A Land Rover mecca with more than 100 prototypes and one-offs is going to use its newly won charitable status to put the secret off-roaders on show.
The trustees of the Dunsfold Collection, currently housed in barns across three different English counties, are planning to raise funds for a new site to house all of the vehicles, which include prototypes, record-breakers and development cars.
Philip Bashall, son of collection founder Brian, said: ‘We are the Mecca for old Land Rovers – we have people from all over the world, including from as far away as Australia, coming to see us.
‘What started as a collection that got a bit out of hand is now one of the best collections of Land Rovers in the world, and it’s great that now we can start raising money to not only build up the collection, but put them on show at a new site.’
Here are ten of the collection’s Land Rovers – which one is your favourite?
1947 Centre Steer prototype
The McLaren F1 had its steering wheel in the middle to put the driver in the optimum position; Rover’s engineers arrived at the same solution with the original Land Rover, to avoid having to develop separate LHD and RHD versions.
None of the original, Jeep-inspired prototypes which led to the 1948 Series I survive, but this replica, faithful in every detail, was built in 2005.
1950 Bertam Mills circus Series One
Did you hear the one about the elephant that drove a Land Rover?
The punchline is that the driver was actually hidden away in a compartment at the rear of this one-off, created in the late 1950s by the Bertam Mills Circus to promote its shows. It was found in a derelict state and has been completely restored by Dunsfold’s custodians.
1963 35cwt truck prototype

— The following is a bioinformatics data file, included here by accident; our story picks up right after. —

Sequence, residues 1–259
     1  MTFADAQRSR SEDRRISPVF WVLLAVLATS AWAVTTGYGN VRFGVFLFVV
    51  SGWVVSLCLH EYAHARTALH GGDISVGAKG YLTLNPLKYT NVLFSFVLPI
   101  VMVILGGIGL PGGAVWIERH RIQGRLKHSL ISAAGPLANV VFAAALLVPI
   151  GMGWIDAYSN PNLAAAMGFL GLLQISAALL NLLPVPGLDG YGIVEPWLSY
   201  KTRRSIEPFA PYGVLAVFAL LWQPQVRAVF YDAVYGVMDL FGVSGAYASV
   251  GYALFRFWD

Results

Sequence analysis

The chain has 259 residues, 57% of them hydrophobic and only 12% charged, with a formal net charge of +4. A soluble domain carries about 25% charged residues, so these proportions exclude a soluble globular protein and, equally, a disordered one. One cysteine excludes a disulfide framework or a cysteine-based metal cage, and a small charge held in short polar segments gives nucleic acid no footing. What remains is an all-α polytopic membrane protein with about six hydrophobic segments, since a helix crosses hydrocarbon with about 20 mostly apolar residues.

This curious-looking Landie is one of five prototypes developed for the Belgian Army in the early 1960s.
It’s the second-oldest vehicle in the collection, and was originally discovered in a scrapyard in Hounslow in 1968. It’s got a 35cwt payload – hence the name – and a 2.5-litre, bored out version of Land Rover’s familiar 2.25-litre engine.
1965 Amphibious Land Rover prototype
The Range Rover was the first off-roader to use the Rover V8, right?
Wrong – this prototype, based on the 88-inch Series II, was used for mileage testing the engine before it was dropped into Solihull’s new luxury offering, launched three years later. The first V8 production Land Rover, the Stage One, wasn’t introduced until 1979.
1985 Llama number one prototype
The Llama is proof that the end of 101 production wasn’t the end of Land Rover’s dalliance with forward-control vehicles – Dunsfold has four prototypes, and this 1985 pick-up is the very first one the company made.
It was tested by the British military, but the decision to fit it with the Rover V8 rather than a diesel engine meant the lucrative contract went to the Dodge-based Reynolds Boughton 4x4 instead.
1991 Challenger prototype
What would have happened had Land Rover developed all of its models from just one platform?
The curious-looking Challenger – a sort of Defender-esque military off-roader draped over Discovery mechanicals – gives you a clue as to what Lode Lane’s engineers were thinking in the early 1990s. Three prototypes were built, but this is the only survivor.
1994 Freelander development mule
Hang on a minute – isn’t that a Maestro van?
You’d be right, but underneath the odd proportions of this jacked-up Austin are the mechanicals of what would become the 1997 Freelander – the baby Land Rover introduced as a riposte to the likes of Toyota’s RAV4.
Land Rover built 25 of them, but only three escaped the crusher – this particular one was used for brake testing.
1995 Range Rover P38a stretch limousine
Saved from the crusher with just a week to spare, this stretched Range Rover has been used by Sir Elton John and Ronan Keating to arrive in style at events.
Land Rover’s Special Vehicles department created the vehicle by cutting an Australian-spec demonstrator model in half and stretching it to allow another pair of doors and another row of seats to be fitted.
1998 Farmers Friend
We thought we’d leave the weirdest Land Rover of all ‘til last, because this one-off concept car has to be seen to be believed.
Developed in the late 1990s as a possible Land Rover rival to the quad bikes and gator buggies increasingly used in the agricultural section, it’s powered by a three-cylinder engine taken from a Subaru Sumo. It never got approved for production – was it an opportunity Land Rover missed?